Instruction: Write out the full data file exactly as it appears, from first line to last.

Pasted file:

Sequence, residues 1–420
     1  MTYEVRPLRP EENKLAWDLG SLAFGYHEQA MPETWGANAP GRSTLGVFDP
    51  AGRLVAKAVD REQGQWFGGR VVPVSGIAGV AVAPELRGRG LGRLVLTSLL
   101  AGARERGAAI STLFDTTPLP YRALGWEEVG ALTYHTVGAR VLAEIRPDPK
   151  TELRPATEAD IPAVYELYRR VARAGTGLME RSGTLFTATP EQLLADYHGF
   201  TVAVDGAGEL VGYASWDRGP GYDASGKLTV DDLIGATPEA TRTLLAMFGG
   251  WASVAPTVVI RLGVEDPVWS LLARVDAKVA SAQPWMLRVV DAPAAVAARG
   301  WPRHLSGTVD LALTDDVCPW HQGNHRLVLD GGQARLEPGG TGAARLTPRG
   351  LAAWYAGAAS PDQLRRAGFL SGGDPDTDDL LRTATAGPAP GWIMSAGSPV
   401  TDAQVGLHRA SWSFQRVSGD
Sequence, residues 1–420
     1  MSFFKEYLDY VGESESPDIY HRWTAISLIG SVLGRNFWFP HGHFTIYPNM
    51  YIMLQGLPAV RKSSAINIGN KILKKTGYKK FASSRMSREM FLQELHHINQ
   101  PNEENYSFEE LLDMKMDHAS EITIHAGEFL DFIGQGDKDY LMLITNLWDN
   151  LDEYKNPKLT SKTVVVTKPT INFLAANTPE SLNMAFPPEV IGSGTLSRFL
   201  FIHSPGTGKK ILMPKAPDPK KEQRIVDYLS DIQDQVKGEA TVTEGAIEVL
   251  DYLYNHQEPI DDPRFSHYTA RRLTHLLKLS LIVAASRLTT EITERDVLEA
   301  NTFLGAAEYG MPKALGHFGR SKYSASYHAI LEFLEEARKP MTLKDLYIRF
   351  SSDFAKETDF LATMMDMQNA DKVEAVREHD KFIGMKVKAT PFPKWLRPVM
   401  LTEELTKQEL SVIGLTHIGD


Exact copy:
Sequence, residues 1–420
     1  MTYEVRPLRP EENKLAWDLG SLAFGYHEQA MPETWGANAP GRSTLGVFDP
    51  AGRLVAKAVD REQGQWFGGR VVPVSGIAGV AVAPELRGRG LGRLVLTSLL
   101  AGARERGAAI STLFDTTPLP YRALGWEEVG ALTYHTVGAR VLAEIRPDPK
   151  TELRPATEAD IPAVYELYRR VARAGTGLME RSGTLFTATP EQLLADYHGF
   201  TVAVDGAGEL VGYASWDRGP GYDASGKLTV DDLIGATPEA TRTLLAMFGG
   251  WASVAPTVVI RLGVEDPVWS LLARVDAKVA SAQPWMLRVV DAPAAVAARG
   301  WPRHLSGTVD LALTDDVCPW HQGNHRLVLD GGQARLEPGG TGAARLTPRG
   351  LAAWYAGAAS PDQLRRAGFL SGGDPDTDDL LRTATAGPAP GWIMSAGSPV
   401  TDAQVGLHRA SWSFQRVSGD
Sequence, residues 1–420
     1  MSFFKEYLDY VGESESPDIY HRWTAISLIG SVLGRNFWFP HGHFTIYPNM
    51  YIMLQGLPAV RKSSAINIGN KILKKTGYKK FASSRMSREM FLQELHHINQ
   101  PNEENYSFEE LLDMKMDHAS EITIHAGEFL DFIGQGDKDY LMLITNLWDN
   151  LDEYKNPKLT SKTVVVTKPT INFLAANTPE SLNMAFPPEV IGSGTLSRFL
   201  FIHSPGTGKK ILMPKAPDPK KEQRIVDYLS DIQDQVKGEA TVTEGAIEVL
   251  DYLYNHQEPI DDPRFSHYTA RRLTHLLKLS LIVAASRLTT EITERDVLEA
   301  NTFLGAAEYG MPKALGHFGR SKYSASYHAI LEFLEEARKP MTLKDLYIRF
   351  SSDFAKETDF LATMMDMQNA DKVEAVREHD KFIGMKVKAT PFPKWLRPVM
   401  LTEELTKQEL SVIGLTHIGD